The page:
Thursday, July 28, 2005

Wasted Worry -- Matthew 6:19-34

Some one once told me that worrying is quite effective. They said that 95% of all the things that they worried about never came about! :o)

In my recent blogs I have been focusing upon what it means to BE the CHURCH in the 21st century, by looking at the church of the 1st century. In my previous blog I showed that there seemed to be no stopping the growth of the church. Even persecution seemed to be a seed bed for the growth of the Kingdom of God. One thing was evident regarding the 1st century church -- the church was God-empowered.

This got me thinking about how does a church ensure that it is God-empowered? I believe the Lord's teachings found in Matthew 5-7 are a great place to start. Specifically, I was drawn to Matthew 6:19-34.

Herein we are commanded to keep our focus clear. We are reminded that we should be about building God's kingdom, not our own. When we are "worrying" about the things of this life we are unable to be working about building the kingdom for the "life to come."

The Lord Jesus sums it up by telling His listeners to,
"Seek first His (God's) kingdom and His righteousness, and all these things (those things we worry about) will be given to you as well."
So, the questions remain:
  • What does it mean not to worry?
  • What does it mean to seek His kingdom?
  • What does it mean to seek His righteousness?
I have my understandings of each of these, I am interested in what you think.

Could we say, "Don't worry, be holy," I guess we could...


Rick Tozer said...

What does it mean to worry?

"Worry about nothing, pray about everything."

Worry is the act of giving the problem/situation to God; and then, taking it back.

Worry is the practice of being inpatient --not allowing God the time to act.

Worry is clinical manifestation of unbelief and doubting the character and purposes of God --at its core, it is unbelief.

Worry is what I do when I loose focus of the eternal perspective.

Pastor Randy said...

Well said Rick.

When I focus on me, rather than on the One who made me, died for me, rose for me, lives for me, loves me, and is coming for me, then worry fills my life.

Filled with me ... worries

Filled with Jesus ... no worries.

Anonymous said...

What does it mean not to worry? I think it means, for one thing, Obedience. One of Jesus' hidden teachings is, "Let not your hearts be troubled, neither let them be afraid" (John 14:27). I say "hidden" with some irony, because few Christians seem to actually be aware of this direct order from Jesus to his followers, which would, in my estimation, apply to us today too. Jesus did say a little earlier in this chapter of John, "If a man loves me, he will keep my word..." (John 14:23). So, logically, not worrying is both a form of obedience, and a showing of our love for Jesus. Try it sometime, if you feel able to do so. Gary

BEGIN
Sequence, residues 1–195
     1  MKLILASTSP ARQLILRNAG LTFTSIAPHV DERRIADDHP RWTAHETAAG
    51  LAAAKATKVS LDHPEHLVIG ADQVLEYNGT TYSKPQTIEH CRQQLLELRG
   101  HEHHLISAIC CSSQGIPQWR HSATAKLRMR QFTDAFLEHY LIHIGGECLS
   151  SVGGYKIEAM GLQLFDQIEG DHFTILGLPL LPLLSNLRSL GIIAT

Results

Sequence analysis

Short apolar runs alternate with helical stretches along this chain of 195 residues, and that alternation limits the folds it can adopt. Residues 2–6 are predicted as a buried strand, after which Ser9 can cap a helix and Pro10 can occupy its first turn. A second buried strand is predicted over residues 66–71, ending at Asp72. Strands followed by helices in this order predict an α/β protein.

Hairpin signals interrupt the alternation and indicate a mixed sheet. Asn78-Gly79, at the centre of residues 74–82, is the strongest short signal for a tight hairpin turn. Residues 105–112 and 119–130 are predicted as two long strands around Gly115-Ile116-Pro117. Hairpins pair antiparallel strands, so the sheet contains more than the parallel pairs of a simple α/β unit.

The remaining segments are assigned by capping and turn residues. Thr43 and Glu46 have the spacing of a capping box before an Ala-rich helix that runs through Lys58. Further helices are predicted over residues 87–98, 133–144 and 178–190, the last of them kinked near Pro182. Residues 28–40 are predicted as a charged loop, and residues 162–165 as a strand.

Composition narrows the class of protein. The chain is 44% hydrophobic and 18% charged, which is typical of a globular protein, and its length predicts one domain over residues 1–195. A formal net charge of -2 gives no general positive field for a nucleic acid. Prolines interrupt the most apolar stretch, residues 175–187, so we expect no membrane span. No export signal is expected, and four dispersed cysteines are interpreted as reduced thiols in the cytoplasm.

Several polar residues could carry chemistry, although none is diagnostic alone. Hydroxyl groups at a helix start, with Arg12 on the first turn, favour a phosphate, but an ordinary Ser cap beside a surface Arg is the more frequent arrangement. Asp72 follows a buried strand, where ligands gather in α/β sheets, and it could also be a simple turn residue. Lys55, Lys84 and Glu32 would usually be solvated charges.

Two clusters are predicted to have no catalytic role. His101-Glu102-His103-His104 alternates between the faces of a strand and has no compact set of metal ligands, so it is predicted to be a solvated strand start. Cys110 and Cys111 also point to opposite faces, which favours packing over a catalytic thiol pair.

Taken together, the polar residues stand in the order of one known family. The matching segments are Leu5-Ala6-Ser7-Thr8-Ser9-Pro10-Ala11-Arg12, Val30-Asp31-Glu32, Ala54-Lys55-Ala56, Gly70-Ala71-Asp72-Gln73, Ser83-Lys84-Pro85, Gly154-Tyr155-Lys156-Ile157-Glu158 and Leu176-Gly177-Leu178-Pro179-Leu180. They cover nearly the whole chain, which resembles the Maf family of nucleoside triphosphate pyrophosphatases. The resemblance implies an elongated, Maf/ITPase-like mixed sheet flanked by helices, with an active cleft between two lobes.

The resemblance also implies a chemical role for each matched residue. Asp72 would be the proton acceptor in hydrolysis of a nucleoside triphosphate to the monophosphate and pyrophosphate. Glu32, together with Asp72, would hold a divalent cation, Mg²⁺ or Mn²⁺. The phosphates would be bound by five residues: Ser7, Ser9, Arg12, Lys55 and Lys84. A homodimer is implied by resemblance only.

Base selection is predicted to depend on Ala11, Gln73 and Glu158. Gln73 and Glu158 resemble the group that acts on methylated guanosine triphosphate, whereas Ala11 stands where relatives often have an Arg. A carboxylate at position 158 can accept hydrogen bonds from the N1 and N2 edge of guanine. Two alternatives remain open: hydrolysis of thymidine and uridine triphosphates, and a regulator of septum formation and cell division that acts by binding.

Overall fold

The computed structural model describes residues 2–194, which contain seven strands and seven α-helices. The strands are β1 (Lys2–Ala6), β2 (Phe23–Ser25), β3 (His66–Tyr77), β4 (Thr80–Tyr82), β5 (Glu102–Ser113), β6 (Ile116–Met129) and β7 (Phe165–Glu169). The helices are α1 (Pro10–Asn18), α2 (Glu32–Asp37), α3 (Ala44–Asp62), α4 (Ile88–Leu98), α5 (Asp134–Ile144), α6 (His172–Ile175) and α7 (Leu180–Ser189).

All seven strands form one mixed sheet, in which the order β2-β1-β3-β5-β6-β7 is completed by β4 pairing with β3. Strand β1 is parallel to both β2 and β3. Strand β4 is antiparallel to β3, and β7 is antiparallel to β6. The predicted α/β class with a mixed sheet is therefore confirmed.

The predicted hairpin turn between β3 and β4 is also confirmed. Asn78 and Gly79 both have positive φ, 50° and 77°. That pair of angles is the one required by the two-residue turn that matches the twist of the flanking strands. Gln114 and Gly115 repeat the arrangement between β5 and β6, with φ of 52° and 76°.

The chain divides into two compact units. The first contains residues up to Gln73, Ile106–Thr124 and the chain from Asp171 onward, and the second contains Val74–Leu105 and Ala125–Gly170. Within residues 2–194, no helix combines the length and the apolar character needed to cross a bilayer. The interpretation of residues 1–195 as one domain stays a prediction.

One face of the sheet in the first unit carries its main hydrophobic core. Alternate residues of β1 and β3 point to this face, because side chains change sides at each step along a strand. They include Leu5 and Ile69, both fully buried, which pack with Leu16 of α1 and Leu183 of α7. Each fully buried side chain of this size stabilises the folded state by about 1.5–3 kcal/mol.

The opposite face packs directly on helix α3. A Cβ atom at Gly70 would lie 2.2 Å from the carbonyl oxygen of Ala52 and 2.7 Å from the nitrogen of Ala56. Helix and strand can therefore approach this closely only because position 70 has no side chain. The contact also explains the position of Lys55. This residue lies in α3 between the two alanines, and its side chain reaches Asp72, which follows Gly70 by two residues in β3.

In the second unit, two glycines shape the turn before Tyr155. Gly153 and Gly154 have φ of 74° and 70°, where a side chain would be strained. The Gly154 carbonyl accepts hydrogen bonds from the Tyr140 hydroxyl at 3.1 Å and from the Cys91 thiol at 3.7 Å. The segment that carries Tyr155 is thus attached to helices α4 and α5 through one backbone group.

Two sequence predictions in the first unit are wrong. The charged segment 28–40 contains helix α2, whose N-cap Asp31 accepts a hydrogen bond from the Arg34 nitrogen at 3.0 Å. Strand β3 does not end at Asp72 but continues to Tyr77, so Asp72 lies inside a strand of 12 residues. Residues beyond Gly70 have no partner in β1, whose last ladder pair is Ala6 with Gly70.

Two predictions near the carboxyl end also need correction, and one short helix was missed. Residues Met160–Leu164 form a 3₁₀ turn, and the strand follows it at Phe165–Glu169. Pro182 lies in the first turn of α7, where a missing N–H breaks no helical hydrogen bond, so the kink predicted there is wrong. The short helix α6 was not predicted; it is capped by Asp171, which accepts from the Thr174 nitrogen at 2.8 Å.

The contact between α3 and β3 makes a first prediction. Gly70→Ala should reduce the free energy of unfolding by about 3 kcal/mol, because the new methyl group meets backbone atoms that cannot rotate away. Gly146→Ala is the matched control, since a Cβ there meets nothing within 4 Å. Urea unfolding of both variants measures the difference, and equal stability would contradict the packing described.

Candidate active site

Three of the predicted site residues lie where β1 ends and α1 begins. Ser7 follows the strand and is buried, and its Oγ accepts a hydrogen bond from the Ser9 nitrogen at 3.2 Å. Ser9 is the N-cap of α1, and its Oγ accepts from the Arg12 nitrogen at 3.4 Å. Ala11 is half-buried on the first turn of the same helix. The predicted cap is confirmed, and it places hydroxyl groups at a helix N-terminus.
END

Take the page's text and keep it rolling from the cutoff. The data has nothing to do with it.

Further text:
Julie said...

Randy, Last night I read an article in Harper's Magazine entitled, "The Christian Paradox" by Bill McKibben. This morning I found your latest blog entry; the similarity in subject matter in both articles was too pressing to not respond. (I'd like to acknowledge before beginning that I include myself whole-heartedly when I refer to "we" herein. I know too well that I am counted among the hypocrites.)

First, it's a good distinction to make between the growth of the church and the growth of God's kingdom. Afterall, somewhere around 85% of us in America consider ourselves to be Christian and yet we've created a culture with some of the least Christ-like characteristics in the world; consider that we rank second to last in the world among developed countries in offering foreign aid, that we in turn also do little to take care of our own. By nearly every measure of caring (Christian charity) we, compared to other rich nations, America ranks among the last. This isn't exactly an area to be justified with one of those "the last shall be first" sort of defenses.

Our culture is predominately oriented towards the care of the individual. "Me first! Me first!"- a sentiment so engrained on the playground that it doesn't have to be heard to be recognized in boardrooms and stockholders meetings and bookclubs' discussions. Much of our lives are led in continual competition. Did you know that 75% of Americans believe that the quote, "God helps those who help themselves" comes from the Bible? In fact a quote from Ben Franklin, this notion is at the core of our conduct. So, with this mentality of course we worry!